Need for UPS
Computer systems and computer systems play an increasingly important role in all fields of human activity, and it is inconceivable to imagine today’s world without them. For these systems to work, a power supply is required, however, which is affected by the impact of disturbances of natural or industrial origin.
The deflection of the power supply parameters from their nominal values affects the operation of sensitive electrical devices and in some cases may lead to unintended consequences of loss of information, damage to data carriers or processing equipment, process mode violations, etc.
Statistics show that due to a break in the grid, 75% of the cases are losing information, and 65% of the electronic equipment itself.
Suddenly dropping your computer’s power supply (for whatever reason) may cause data loss in your operating and cache memory, possibly the FAT disk table. In the worst case, electronic components are damaged. Such may be the consequences of short-time “interruptions” of the supply voltage for parts of a second (Sags, or Brownout) and a “floating” (slowly but not periodically) reduction of the supply voltage (Rolling Brownout). Sometimes surges and surge boosts with amplitude of not less than 100% of the nominal (Spike) occur in the network, which may damage the computer’s impulse power sources.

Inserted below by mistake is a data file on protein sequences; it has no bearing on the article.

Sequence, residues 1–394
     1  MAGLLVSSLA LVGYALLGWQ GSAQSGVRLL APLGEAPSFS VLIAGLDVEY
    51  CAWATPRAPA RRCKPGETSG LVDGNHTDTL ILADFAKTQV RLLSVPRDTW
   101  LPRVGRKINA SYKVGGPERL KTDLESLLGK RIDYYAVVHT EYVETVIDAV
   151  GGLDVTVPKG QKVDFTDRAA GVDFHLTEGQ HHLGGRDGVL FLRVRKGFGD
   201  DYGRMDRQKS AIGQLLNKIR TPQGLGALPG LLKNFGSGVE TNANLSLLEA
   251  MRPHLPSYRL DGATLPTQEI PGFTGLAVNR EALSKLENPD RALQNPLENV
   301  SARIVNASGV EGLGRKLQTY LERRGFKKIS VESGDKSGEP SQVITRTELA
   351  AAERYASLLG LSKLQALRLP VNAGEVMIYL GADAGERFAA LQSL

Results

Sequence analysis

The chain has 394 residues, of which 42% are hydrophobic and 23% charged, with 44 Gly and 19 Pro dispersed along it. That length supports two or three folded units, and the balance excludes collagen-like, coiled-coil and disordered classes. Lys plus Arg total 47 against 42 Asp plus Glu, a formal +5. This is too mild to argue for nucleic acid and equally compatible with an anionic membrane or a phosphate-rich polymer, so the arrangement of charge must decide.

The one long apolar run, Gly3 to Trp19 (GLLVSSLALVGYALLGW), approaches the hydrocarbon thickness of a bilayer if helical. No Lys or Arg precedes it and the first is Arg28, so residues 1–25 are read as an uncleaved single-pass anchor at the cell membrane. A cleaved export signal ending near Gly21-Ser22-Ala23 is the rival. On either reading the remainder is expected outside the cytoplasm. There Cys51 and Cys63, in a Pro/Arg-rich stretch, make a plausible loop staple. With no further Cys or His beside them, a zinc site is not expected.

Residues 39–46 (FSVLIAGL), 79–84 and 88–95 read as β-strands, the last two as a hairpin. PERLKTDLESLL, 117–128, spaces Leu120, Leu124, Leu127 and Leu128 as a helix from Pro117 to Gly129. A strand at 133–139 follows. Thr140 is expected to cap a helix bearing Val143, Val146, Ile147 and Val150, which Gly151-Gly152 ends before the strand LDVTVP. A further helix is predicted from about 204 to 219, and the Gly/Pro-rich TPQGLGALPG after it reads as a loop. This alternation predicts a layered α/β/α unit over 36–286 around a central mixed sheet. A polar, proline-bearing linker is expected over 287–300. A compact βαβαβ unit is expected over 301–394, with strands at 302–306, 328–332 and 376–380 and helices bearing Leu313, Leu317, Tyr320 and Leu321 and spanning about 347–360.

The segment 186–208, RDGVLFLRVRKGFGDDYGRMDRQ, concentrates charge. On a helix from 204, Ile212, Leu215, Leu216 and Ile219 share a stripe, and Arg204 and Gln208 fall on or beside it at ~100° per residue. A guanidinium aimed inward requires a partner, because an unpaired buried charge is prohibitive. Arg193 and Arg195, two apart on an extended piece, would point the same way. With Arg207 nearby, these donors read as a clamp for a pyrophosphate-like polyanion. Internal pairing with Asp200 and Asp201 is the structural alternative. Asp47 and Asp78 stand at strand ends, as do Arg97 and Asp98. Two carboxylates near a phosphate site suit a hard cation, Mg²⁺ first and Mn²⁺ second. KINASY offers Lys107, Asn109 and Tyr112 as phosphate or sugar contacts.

Under the influence of strong electrical noises generated by the operation of Electro Magnetic Interference (EMI), Radio Frequency Interference (RFI), the sinusoidal shape of the supply voltage can be deformed resulting in an apparatus breakdown (Glitch) and errors in program execution.
According to National Observatory, taken from March 1990 in 235 randomly selected cities of the United States and Canada, there are on average about 2000 disturbances per year in a settlement. Interferences are classified according to the tolerances recommended by the Computerization and Business Equipments Manufac- turers Associa- tion (SBTEA). Out of the recommended granules for the average city, there are 443 interference annually, of which:
- 36 are spiers (Spiques) lasting up to a few milliseconds (1/1000 part of the weekend);
- 128 are Surges over a period of network voltage (20 milliseconds);
- 264 are drops (Saggs), contrary to the surges, the voltage is less than normal;
- 15 are interruptions (Bloscocs) of the power supply over 10 milliseconds.